Pet cats are responsible for the deaths of up to 270 million animals each year in the UK
A new study has suggested that pet cats kill up to 270 million animals a year in the UK alone.
Researchers from the University of Reading and Royal Holloway University in London imagined the problem could have a major impact on the local environment and even suggested restricting cat access to certain areas.
The study found that suburban cats living on the edge of green spaces kill an average of 34 animals a year each, while those in more densely populated suburbs kill about 15 animals each.
Unsurprisingly, the most commonly killed animals were birds, with cats with more access to green space killing more blackbirds and others killing more blackbirds.
Unfortunately, that cute little bell around their collar was no prey deterrent, with these cats reporting the most kills.
A seriously effective hunt, given that the bell would reveal their location.
Dr Rebecca Thomas, from Royal Holloway University, London, said: ‘This is a non-native species.
“They reach incredibly – and abnormally – high densities, especially in suburban environments.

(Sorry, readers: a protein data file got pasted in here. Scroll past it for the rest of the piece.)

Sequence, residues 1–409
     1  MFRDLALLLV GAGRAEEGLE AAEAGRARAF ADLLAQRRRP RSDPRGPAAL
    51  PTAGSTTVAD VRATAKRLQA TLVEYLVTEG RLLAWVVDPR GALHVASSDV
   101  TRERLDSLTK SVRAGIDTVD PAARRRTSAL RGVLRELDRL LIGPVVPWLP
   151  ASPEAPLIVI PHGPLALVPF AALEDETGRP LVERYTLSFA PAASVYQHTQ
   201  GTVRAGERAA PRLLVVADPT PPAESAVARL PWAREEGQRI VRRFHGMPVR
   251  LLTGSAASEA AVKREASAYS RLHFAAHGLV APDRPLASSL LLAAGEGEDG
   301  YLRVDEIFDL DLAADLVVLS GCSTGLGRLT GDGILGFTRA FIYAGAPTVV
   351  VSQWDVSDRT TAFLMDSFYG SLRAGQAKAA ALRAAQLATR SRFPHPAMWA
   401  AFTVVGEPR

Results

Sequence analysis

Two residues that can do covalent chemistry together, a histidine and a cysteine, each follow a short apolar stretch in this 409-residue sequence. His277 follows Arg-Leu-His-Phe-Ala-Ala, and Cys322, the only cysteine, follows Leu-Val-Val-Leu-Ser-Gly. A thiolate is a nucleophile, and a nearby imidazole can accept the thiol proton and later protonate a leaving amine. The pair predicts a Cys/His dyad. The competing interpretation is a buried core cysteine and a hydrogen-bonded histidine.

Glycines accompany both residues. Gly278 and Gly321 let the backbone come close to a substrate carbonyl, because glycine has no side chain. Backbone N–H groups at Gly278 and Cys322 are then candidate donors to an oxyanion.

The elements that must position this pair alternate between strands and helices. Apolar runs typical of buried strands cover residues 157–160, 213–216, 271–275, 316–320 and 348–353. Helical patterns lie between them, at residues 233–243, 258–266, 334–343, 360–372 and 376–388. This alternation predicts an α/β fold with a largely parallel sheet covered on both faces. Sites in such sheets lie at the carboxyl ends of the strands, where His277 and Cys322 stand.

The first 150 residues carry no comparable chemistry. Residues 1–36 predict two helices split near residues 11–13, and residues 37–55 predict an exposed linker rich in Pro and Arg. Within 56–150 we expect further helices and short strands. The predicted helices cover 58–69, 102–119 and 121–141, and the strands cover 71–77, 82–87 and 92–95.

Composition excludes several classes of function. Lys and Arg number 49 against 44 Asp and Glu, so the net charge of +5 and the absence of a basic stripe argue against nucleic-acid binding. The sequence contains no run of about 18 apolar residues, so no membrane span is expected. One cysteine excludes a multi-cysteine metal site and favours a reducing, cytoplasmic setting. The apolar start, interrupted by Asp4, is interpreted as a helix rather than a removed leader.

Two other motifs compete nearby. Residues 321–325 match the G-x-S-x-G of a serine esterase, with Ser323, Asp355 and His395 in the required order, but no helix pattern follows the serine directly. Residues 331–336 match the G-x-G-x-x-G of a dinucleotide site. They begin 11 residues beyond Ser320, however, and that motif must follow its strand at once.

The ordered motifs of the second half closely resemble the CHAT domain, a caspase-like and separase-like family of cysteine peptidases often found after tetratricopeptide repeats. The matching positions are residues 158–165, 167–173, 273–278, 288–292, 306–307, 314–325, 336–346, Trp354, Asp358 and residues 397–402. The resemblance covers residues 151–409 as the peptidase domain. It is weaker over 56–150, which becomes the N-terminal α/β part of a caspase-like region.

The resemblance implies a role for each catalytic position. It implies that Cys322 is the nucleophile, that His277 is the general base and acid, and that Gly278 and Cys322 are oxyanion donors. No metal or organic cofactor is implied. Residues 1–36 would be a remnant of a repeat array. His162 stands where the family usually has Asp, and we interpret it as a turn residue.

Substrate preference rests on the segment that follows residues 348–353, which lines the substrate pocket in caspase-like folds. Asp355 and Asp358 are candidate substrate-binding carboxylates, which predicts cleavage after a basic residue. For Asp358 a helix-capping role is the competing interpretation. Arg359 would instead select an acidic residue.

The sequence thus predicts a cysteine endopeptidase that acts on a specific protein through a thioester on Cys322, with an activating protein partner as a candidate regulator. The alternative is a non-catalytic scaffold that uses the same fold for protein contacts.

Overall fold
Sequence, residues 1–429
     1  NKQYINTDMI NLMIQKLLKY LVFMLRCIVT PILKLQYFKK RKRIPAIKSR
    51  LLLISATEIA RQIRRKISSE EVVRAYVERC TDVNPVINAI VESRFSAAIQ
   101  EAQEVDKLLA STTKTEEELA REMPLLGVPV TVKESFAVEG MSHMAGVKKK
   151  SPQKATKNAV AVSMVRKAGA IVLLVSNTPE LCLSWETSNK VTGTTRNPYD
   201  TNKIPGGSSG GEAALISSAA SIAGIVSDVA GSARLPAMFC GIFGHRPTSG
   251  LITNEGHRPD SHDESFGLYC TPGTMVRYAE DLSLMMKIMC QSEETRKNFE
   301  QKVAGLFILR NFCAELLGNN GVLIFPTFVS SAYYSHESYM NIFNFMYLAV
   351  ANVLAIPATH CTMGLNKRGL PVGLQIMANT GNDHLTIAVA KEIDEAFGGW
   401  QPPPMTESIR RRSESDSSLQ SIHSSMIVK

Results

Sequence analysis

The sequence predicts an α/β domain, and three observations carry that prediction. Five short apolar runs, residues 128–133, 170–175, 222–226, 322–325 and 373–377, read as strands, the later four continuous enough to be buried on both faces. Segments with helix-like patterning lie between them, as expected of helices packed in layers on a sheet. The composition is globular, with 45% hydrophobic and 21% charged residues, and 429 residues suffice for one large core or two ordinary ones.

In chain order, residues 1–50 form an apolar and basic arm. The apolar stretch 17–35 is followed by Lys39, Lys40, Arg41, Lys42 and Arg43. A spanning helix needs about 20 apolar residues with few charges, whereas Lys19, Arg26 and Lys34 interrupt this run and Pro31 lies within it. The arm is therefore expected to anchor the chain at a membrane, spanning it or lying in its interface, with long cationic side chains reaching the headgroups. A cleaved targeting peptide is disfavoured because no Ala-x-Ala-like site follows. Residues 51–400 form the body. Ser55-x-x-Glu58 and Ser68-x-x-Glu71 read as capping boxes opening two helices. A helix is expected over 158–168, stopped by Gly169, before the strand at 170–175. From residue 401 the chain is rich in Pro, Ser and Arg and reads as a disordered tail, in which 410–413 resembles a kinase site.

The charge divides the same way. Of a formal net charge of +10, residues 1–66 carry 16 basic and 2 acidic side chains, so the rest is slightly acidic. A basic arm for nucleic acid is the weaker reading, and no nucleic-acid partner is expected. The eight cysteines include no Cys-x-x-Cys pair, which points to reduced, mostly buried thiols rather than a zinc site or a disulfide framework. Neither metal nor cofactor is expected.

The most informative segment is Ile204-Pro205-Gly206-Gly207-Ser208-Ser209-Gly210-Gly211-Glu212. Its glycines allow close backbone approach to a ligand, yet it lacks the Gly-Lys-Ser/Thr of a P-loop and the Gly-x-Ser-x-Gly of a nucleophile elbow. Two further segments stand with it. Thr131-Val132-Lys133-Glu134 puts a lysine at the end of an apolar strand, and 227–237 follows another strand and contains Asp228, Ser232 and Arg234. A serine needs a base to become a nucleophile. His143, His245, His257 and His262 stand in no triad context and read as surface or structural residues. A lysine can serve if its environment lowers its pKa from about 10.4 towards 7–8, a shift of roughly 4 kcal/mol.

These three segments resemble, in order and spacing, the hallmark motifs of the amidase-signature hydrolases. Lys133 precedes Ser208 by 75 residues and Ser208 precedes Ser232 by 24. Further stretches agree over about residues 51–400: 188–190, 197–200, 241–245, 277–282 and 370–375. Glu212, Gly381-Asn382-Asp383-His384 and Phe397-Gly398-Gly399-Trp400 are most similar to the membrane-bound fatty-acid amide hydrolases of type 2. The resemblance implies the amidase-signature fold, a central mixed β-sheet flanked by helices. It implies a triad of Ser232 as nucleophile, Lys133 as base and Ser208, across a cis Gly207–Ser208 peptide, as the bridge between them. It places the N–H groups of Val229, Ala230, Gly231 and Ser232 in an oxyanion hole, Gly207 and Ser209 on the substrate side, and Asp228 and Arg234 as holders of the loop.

“They’re fed by their owners and given veterinary care so you can think of them as mini super predators.”
The study claimed there were around 9.5 million owned pet cats in Britain and noted that the mere presence of cats could have a devastating impact on other animals in the region.
Even when cats do not directly kill other animals, these animals are programmed to modify their behavior, either by reducing feeding to eliminate the risk of attack, or by remaining vigilant and leaving a nest unprotected.
Cats are also believed to carry potentially harmful diseases that could be transmitted to other wild animals.
Researchers tracked the movements and amount of prey killed by 79 cats living in Berkshire and Hampshire for a year.
The results were published in the journal Landscape and Urbanism, with the team’s conclusion: “A simple extrapolation based on the predation rates found in this study suggests that the 9.5 million pet cats in Britain could be killing around 160-270 million prey per year.”
They added: “Domestic cats bring great joy and companionship to their owners, with benefits for mental health and well-being.
“But they also cause the loss of tens of millions of animals every year through predation, which in some cases can go beyond animal welfare concerns and become conservation issues.”
The study also concluded that leaving pets food did not deter them from seeking prey.